Mommy Recharge

Janice, a first time mom, is sitting with her adorable 4 month old on her lap. I am asking her how she is doing and she says to me, "I know that the way I recharge is by having alone time. I know that my husband understands this and will watch our son without hesitation. I know that if I had some time to myself to recharge I would feel better and be a better mom, but I feel so GUILTY about it. I don't ask for alone time because it makes me feel so bad". At this point, Janice's eyes are filled with the tears that she has been struggling to hold back and it is obvious that saying these words out loud is extremely difficult.

For moms, "self-care" can feel "selfish". There seems to be a deeply routed, biological, mental and emotional hurdle when it comes to putting our needs at the forefront. We have it in our head that to be a "good mom" means that we are constantly caring for our children, meeting all of their needs and never putting anything above that duty.  We are so busy taking care of everyone else that our needs get thrown by the wayside. If we were to turn our attention away from the caring demands of our family and turn the focus toward ourselves, on a very real level we would feel the pang of selfishness. The problem is, if we chronically neglect our mental, emotional, physical and spiritual selves, we are not able to be as successful and effective at caring for our families. Moms need to re-frame this way of thinking to something that is more helpful! When you practice self care, you are working toward your goal of caring for your family. Tell yourself that you are worth care also! Find a balance by taking small steps. Choose one goal for yourself this week. Maybe it is going to a yoga class, going for a walk with a neighbor, getting a pedicure, taking a nap or just going to the store by yourself. Think about what would fill your proverbial gas tank and make a plan to do just one thing. When the thoughts of guilt begin to creep into your mind, because they will try, combat them with positive statements, like "I need this", "This will make me a better mom and partner", "It is healthy for my baby to spend time with his dad", etc.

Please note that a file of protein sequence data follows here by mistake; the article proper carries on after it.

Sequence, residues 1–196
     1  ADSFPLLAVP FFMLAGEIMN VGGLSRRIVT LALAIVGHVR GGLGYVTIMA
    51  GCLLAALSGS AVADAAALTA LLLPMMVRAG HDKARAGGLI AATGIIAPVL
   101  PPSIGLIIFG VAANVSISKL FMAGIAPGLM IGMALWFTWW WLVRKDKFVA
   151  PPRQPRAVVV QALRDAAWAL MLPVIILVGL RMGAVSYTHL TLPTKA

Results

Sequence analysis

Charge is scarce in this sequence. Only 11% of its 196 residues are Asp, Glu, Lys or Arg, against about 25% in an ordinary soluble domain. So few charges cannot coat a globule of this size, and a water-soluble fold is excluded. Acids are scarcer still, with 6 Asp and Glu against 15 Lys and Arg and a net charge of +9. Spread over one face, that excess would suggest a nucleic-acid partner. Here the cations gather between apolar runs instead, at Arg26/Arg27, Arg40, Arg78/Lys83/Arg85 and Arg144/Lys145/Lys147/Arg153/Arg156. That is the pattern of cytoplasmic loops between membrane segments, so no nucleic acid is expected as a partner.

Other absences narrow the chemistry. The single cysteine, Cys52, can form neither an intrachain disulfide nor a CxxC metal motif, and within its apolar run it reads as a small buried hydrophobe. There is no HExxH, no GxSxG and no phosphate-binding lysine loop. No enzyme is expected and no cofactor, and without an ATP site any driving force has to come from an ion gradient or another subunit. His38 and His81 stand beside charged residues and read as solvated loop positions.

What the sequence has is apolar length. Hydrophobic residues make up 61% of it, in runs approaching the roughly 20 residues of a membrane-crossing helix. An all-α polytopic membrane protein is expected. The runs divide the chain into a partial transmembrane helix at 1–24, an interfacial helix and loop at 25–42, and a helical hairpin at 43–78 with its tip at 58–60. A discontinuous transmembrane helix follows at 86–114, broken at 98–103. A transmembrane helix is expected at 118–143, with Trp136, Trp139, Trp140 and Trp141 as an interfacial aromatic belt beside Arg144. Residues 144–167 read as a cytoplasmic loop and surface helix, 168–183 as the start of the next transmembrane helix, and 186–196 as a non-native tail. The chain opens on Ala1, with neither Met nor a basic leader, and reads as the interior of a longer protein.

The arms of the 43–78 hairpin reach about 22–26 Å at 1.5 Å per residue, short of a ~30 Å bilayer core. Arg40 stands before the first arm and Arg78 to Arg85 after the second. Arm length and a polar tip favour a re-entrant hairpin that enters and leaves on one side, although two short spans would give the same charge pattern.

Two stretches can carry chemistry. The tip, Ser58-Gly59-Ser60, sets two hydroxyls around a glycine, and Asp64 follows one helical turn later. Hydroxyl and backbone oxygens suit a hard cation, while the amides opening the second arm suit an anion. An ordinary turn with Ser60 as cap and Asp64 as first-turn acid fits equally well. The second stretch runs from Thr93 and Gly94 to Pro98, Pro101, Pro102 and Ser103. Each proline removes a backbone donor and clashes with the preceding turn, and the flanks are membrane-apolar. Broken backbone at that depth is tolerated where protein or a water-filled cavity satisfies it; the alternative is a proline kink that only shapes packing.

I encourage Janice to talk to her husband about this need and her feelings of guilt.  I encourage her to make one goal this week, one baby step toward caring for herself.  We talk about the positive thoughts to to talk herself through the negative feelings. We talk about what might happen if she doesn't begin to take better care of herself.

Many moms are like Janice. With support and encouragement, moms can feel good AND take exceptional care of their families. Please think about how you can be happier and healthier and start taking baby steps. After all, your family needs you!

By Jamie Ross, MS, LMHC